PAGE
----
Understanding minerals and crystals, by Terence McCarthy and Bruce Cairncross
Terence McCarthy's and Bruce Cairncross's Understanding Minerals and Crystals is an invaluable guide for anyone interested in the earth sciences or in mineral collecting.
Chemical elements such as iron, aluminium, oxygen, carbon and many others are familiar to us all, but less well known is the form in which these substances occur in Nature. Chemical elements in fact occur in the form of minerals, which make up the solid Earth's crust. A mineral can be broadly defined as a naturally occurring chemical compound of inorganic origin. Mineralogists generally add an additional qualifier, namely that a mineral should have a definite, regular internal atomic structure. This qualifier separates minerals, which are crystalline solids, from non-crystalline materials, such as amber (fossilized tree resin) for example (figure 1.1), which are termed mineraloids. Minerals can be composed of many chemical elements in combination or they may consist of only one element. Nevertheless, all have a definite, well-defined chemical composition, which is usually expressed as a chemical formula such as NaCl (sodium chloride) for the mineral halite (figure 1.2). Minerals are extremely important because they are the raw materials from which we extract essential commodities, such as iron (figure 1.3), manganese, silicon or aluminium, on which our civilization depends. We also use some minerals in their natural state because of their particular chemical or physical properties, for example agricultural lime, which is very important in crop production, or talc, an essential ingredient of talcum powder. Perhaps even more importantly, minerals are the building blocks from which rocks are made and thus form the solid parts of the entire Earth (figure 1.4). We are surrounded by minerals! To really understand the Earth and how it works, knowledge of minerals is absolutely essential. Little wonder the study of geology begins with mineralogy, the study of minerals. Minerals vary widely in their chemical constitution and their physical properties, such as hardness and colour. Some form very attractive crystals (figure 1.5) and most natural history museums have a section devoted to the display of such crystals. But well-formed crystals are rare and most mineral specimens we come across are simply irregular lumps. They are nevertheless crystalline in that they have regular internal order in their atomic structures, but this order is not immediately apparent as the samples have an irregular external shape. The ability to identify the more common minerals is an essential skill for anyone interested in geology. Moreover, mineral collecting is a popular pastime in its own right and collectors need to be able to identify mineral specimens. So how does one go about identifying a mineral? There are many different ways to do this. The more sophisticated methods involve examining thinly sliced samples under specially designed petrographic microscopes, or chemically analyzing the sample or even probing its crystalline structure using X-rays. Naturally, these require very sophisticated laboratory equipment and are only used by the professional mineralogist. At the other end of the spectrum is what is usually termed 'hand specimen' mineralogy. The term implies identifying mineral specimens without recourse to sophisticated laboratory equipment. Hand specimen mineral identification relies on a few very simple tests, which can be carried out just about anywhere, as they require the most rudimentary equipment. Such methods are widely used by hobbyists and even by practising geologists in the course of their daily work in mines or in the field, where rapid identification of minerals is needed in the absence of laboratory equipment. While mineral identification is a useful skill, it is also helpful to understand the principles underlying the formation of minerals, which are responsible for the differing properties and crystal forms of minerals. [...]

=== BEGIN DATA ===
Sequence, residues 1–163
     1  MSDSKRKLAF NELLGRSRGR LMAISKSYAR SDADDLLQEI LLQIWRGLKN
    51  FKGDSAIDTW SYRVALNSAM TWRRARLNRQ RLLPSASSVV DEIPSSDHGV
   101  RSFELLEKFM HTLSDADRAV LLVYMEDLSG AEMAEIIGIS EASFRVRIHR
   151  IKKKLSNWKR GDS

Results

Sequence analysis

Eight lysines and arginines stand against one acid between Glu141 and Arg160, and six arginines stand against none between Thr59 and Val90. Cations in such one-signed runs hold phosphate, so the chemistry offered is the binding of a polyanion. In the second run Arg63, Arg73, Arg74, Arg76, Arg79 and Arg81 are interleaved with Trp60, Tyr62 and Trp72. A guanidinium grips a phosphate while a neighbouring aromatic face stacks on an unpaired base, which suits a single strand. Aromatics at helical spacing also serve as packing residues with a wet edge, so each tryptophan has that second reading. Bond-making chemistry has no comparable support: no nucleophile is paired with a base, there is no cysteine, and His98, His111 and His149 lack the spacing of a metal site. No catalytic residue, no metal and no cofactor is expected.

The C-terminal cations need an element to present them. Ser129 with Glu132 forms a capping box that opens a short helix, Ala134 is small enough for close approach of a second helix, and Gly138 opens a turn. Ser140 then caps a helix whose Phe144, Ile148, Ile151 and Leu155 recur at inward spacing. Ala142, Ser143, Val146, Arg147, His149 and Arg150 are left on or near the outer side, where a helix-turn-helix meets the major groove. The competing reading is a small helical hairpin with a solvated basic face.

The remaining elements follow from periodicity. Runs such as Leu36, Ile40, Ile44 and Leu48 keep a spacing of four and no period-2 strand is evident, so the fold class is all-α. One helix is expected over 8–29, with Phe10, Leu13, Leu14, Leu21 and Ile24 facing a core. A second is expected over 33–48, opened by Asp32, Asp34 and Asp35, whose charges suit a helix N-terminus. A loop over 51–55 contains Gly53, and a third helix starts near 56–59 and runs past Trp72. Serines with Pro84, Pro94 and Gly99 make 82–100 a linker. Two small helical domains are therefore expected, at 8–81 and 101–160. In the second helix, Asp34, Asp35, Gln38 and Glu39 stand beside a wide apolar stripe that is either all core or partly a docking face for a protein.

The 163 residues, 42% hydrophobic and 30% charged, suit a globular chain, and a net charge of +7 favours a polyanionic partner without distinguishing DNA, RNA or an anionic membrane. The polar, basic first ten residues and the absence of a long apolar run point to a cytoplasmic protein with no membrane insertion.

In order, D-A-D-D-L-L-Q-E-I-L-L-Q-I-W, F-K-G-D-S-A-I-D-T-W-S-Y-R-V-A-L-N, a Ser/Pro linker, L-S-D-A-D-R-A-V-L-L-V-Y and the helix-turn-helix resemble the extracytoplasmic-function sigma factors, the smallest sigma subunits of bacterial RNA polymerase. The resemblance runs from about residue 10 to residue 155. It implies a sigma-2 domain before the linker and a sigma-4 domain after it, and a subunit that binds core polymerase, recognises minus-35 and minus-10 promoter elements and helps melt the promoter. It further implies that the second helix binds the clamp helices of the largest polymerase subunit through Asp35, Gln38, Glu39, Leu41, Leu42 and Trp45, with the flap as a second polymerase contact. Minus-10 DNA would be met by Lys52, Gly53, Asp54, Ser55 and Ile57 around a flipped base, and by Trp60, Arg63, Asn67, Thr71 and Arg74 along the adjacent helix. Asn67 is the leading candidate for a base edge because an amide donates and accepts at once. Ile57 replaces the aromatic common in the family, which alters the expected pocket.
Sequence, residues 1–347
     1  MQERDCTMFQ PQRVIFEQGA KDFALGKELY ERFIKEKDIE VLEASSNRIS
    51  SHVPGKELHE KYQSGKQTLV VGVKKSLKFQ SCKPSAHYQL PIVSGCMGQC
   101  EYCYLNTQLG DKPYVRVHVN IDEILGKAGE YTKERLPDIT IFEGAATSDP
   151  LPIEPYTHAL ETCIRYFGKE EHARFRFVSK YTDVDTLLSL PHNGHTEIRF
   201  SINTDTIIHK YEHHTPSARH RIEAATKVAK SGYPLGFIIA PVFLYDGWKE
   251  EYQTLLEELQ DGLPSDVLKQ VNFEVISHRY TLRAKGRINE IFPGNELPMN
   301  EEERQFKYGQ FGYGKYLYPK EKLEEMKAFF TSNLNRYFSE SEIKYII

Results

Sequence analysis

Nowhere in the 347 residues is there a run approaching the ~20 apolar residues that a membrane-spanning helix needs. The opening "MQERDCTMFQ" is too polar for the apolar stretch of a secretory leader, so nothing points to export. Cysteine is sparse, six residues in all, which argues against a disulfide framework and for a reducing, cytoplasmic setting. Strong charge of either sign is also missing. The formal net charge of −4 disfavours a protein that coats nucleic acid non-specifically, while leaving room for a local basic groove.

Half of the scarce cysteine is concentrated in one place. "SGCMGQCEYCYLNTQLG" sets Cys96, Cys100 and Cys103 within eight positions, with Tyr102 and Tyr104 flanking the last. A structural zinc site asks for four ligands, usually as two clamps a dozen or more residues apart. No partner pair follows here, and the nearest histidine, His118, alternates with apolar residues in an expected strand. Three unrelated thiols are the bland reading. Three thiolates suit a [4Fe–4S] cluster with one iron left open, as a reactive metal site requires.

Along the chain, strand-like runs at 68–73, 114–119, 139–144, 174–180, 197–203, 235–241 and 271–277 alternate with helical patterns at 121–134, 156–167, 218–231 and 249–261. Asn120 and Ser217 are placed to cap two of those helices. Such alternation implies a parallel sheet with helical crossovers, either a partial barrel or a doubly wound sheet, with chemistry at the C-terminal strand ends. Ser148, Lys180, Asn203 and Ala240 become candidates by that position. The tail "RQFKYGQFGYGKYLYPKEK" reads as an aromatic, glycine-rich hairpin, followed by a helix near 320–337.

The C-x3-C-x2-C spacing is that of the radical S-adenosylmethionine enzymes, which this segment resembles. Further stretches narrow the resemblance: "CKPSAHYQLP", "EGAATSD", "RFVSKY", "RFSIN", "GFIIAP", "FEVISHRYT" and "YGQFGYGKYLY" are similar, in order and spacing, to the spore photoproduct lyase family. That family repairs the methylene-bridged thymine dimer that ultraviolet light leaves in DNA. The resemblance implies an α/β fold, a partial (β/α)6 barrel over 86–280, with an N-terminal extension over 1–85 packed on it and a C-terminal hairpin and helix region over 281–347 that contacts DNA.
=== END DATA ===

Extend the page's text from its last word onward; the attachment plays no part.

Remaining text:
This is an excerpt from Understanding Minerals and Crystals, by Terence McCarthy and Bruce Cairncross.
Title: Understanding minerals and crystals
Author: Terence McCarthy; Bruce Cairncross
Genre: Mineral and Crystal Guide
Publisher: Penguin Random House South Africa
Cape Town, South Africa 2015
ISBN 9781431700844 / ISBN 978-1-4317-0084-4
Softcover, 17 x 24 cm, 304 pages, 500 photographs, 140 illustrations
McCarthy, Terence und Cairncross, Bruce im Namibiana-Buchangebot
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